Carpal Tunnel Syndrome, and the Many Kinks in the Water Hose!

The Carpal Tunnel, where the median nerve passes through along with the tendons of the flexors muscles of the forearm. 

When I first got into doing massage a lady came to me with a brace on her wrist. She had just gotten back from a surgeon and was scheduled for carpal tunnel surgery. I asked her if she had 10 min to spare and if I could work on her wrist. After working on her for 10 mins her wrist pain and numbness was just about gone. She was so excited that she could not believe that her hand felt better. After that 10 min session she decide to cancel her surgery and scheduled more appointments to have us help her with her wrist which got better in 3 sessions, and there was no pain or numbness in her hand. 

The cervical plexus travels between the scalenes, between the first rib and clavicle, under pectoralis minor and finally into the arm. This area provides lots of opportunities for entrapment of the nerve and could cause symptoms of carpal tunnel syndrome and even thoracic outlet syndrome.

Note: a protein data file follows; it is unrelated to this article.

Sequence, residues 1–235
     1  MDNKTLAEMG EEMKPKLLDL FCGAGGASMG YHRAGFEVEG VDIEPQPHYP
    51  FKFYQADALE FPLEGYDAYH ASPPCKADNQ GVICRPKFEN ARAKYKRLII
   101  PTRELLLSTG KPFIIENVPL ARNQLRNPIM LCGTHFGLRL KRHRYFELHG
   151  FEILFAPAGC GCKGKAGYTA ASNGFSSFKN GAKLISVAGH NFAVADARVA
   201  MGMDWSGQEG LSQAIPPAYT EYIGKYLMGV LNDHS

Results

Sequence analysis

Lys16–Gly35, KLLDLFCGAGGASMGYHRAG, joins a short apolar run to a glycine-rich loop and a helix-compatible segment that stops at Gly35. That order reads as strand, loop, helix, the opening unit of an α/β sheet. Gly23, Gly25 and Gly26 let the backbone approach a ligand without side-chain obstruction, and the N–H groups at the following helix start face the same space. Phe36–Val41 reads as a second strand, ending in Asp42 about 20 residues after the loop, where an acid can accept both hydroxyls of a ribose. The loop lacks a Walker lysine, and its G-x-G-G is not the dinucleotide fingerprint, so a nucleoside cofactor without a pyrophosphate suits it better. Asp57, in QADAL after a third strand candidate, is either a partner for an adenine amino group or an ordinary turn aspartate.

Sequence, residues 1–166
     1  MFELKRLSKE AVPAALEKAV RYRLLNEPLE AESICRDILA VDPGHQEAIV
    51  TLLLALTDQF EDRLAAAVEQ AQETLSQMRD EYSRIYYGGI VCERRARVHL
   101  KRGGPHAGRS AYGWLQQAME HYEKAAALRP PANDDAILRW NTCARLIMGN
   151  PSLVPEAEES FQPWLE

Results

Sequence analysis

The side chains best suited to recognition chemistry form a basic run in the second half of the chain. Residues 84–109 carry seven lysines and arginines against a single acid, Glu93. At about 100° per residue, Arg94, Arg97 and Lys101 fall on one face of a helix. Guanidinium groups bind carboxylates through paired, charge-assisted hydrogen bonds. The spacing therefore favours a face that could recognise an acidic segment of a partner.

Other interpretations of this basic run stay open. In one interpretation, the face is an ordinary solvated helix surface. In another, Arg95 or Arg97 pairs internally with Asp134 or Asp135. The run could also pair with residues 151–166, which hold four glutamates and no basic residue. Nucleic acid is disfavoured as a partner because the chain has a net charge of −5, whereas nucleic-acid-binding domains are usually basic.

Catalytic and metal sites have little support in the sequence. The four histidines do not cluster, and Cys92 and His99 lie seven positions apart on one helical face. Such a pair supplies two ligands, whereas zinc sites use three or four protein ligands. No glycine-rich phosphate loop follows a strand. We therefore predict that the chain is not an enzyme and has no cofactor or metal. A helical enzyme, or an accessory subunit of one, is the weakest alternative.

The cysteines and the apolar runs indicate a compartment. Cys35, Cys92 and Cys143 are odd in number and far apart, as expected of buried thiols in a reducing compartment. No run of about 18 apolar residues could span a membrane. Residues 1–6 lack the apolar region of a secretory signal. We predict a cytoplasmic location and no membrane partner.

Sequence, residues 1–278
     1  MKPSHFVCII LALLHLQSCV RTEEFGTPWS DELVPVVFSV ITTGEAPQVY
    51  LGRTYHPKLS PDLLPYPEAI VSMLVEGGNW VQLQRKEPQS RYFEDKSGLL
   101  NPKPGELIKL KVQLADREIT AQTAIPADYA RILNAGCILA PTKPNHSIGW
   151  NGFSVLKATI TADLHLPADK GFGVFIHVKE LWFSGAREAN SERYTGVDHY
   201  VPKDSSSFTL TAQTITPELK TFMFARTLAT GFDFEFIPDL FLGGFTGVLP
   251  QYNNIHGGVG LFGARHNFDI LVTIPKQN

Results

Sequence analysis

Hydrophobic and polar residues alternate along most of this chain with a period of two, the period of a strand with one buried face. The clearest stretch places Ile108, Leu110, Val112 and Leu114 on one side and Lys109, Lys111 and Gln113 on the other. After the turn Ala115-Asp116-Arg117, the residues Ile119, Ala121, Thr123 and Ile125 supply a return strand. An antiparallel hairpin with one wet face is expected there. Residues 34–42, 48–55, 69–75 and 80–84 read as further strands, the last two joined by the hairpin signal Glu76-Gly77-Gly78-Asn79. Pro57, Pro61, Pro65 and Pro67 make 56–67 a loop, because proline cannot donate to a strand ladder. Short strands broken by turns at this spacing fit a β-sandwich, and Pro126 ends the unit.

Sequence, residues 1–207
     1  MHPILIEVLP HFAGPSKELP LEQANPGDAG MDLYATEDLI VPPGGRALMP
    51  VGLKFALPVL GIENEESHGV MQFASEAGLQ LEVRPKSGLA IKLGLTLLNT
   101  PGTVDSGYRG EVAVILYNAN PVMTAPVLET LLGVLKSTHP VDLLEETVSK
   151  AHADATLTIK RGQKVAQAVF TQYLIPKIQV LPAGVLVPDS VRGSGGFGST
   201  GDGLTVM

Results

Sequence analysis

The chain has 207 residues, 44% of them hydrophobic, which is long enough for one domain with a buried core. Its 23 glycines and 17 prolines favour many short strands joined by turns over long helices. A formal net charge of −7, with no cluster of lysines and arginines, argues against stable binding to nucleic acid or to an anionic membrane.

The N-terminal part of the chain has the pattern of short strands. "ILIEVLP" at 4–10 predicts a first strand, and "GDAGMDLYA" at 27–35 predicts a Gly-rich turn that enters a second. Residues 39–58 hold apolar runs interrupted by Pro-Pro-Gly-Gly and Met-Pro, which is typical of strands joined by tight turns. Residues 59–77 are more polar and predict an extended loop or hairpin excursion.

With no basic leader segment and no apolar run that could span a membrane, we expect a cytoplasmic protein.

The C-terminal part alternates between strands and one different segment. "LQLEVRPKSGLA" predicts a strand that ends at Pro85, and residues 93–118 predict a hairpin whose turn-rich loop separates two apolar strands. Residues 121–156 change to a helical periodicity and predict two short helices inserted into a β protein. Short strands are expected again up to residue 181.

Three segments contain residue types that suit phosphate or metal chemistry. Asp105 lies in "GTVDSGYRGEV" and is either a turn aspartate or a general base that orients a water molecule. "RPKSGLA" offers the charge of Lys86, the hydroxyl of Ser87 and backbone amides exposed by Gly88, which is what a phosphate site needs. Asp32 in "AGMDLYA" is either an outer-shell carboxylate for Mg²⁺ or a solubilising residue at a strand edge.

The cervical plexus travels between the scalenes, between the first rib and clavicle, under pectoralis minor and finally into the arm. This area provides lots of opportunities for entrapment of the nerve and could cause symptoms of carpal tunnel syndrome and even thoracic outlet syndrome. 

When an individual comes in with carpal tunnel syndrome we always look for the cause of the symptoms. Inflammation of the tendons going through the carpal tunnel and the median nerve being compressed is just the symptom. Addressing the symptom is like taking a pill and hoping the numbness will go away. 

The flexor digitorum superficialis and the pronator teres can both entrap the median nerve and cause carpal tunnel syndrome symptoms. 

When we address carpal tunnel syndrome we take a whole body approach to addressing pain. The nerve that supplies your hand comes from your neck (cervical spine) it travels out of the neck and through the shoulder underneath your collarbone (clavicle) down the upper arm, into the forearm and through the carpal tunnel and finally into the hand and fingers. There are lots of opportunities for the this nerve to get entrapped or pinched! You could have a nerve impingement in the neck that is causing carpal tunnel symptoms. 

True carpal tunnel happens when the muscle in the forearm, specifically the flexors of the hand, become so overworked and used that the tendons start to either thicken or become adhesed to each other. When this happens inflammation sets in and the median nerve becomes entrapped which will cause numbness in the hand. By simply working the muscles that are impinging the nerve, followed up with specific stretches and corrective exercises the carpal tunnel that is being experienced will go away. 

Hope you enjoy the video on the explanation of carpal tunnel syndrome.